Me and Billy
He holds up the little paper bag and I take out one of the lollies. It's round and clear, smooth like a marble, with crystallised sugar like ice in the centre. You can buy them at the corner dairy on the way home from school. Me and Billy, if we had any money – if he had, that is – we'd always buy a little bag and eat them as we walked down the road, weaving around the trees, swinging our bags around our knees.
Me and Billy. we're a team. Friends since before either one of us remember – because our mothers were friends, and she'd bring him to our house, and it was the two of us, since babies, playing together, imprinted on each other. I'm eight now, he's on the cusp of nine. Three months older, and smaller – 'boys get bigger later' – with hair nearly white; a soft, uncoloured face; all skin and bones really, all gangly awkwardness.
Mum told me about him. She explained. “It's a kind of cancer,” she told me. Cancer. A grown-up word, one that scares grown-ups the way kids might be frightened by a yappy dog, or an aggressive seagull, by noises in the house at night. “Billy's precious to us,” she told me, “we might not be able to have him with us forever. He's a gift.”
Me and Billy – we have different horizons. He hardly ever talks about doctors and hospitals; he let me rub his head when he lost that pale hair for a while. We talk about school, about birds we might see in the trees, a hedgehog in a gutter, what we were going to do when we grow up. We don't doubt our future.
“Snowdrop?” He says, holding out the bag.
These snowdrops look different, there's light coming from inside them, and the sugar moves around; sometimes slow, like a waking kitten; or sometimes more like a snowstorm – a lantern in the centre, breathing faintly golden light.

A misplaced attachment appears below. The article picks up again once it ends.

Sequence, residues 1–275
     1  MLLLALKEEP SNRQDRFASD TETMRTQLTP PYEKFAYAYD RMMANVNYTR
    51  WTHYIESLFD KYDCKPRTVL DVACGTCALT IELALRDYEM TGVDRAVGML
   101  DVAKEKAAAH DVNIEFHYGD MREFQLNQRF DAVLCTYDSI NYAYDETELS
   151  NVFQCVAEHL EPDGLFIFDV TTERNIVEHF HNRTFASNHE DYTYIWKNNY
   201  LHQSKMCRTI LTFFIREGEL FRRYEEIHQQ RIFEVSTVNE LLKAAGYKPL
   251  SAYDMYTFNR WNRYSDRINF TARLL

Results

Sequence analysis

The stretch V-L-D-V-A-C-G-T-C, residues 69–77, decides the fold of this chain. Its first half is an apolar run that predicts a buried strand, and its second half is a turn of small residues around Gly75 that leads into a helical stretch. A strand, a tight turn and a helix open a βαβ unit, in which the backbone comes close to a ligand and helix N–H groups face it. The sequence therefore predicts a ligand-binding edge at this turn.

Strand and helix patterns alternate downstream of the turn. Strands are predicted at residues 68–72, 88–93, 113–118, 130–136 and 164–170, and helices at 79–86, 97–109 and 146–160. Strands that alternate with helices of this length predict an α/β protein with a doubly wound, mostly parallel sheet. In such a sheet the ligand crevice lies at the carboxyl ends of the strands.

They taste different too. They fizzy on our tongues, they make our feet and hands tingle, conjure a well of fluttering heat from the pit of our stomachs. Feels like floating. Don't even think to be scared.
“Come on,” Billy wants to race. He never does that.
“I'll win too easy,” I protest.
“No you won't.”
And suddenly Billy has the strength of a bear, and the speed of a cheetah. He runs and dances, swings from the branches as we race beneath the trees. As we run, the snow starts falling. No ordinary snow, but snow-like-diamonds, all silver inside, and the sky has turned a fierce colour of rose. Where streets and houses were there's just forest, just strange trees we've never seen before. Trees all dusted in snow. Weird moss grows along them, or tiny, blue and gold mushrooms; some open up along their seems to reveal gold and ruby red flesh. Some of them are twisted, curling along the ground in waves, while others grow so tall you can't see the canopy – lost as it is among the clouds.
We run and do cartwheels, we turn in dizzying circles. We lie on the ground to make angels in the crunchy snow. I listen to Billy laughing like I've never heard him laugh before. Snowdrops – the flowers that is – bloom in clumps, along with irises, and violets, and daisies, dandelions, poppies. Along with other flowers I don't recognise.
And a little creature, the size of a small cat, all pink and folded, with a nose like an elephant and red-slit eyes, burrows out of the snow for a few minutes. It sniffs around, makes snuffling noises that echo amongst the trees, and then digs its way back under again.
When we come to Billy's house, the snow has formed a hat on his roof, icicles drip down the pipes. He waves goodbye as he walks up the garden path.
“I'll see you at school,” he says.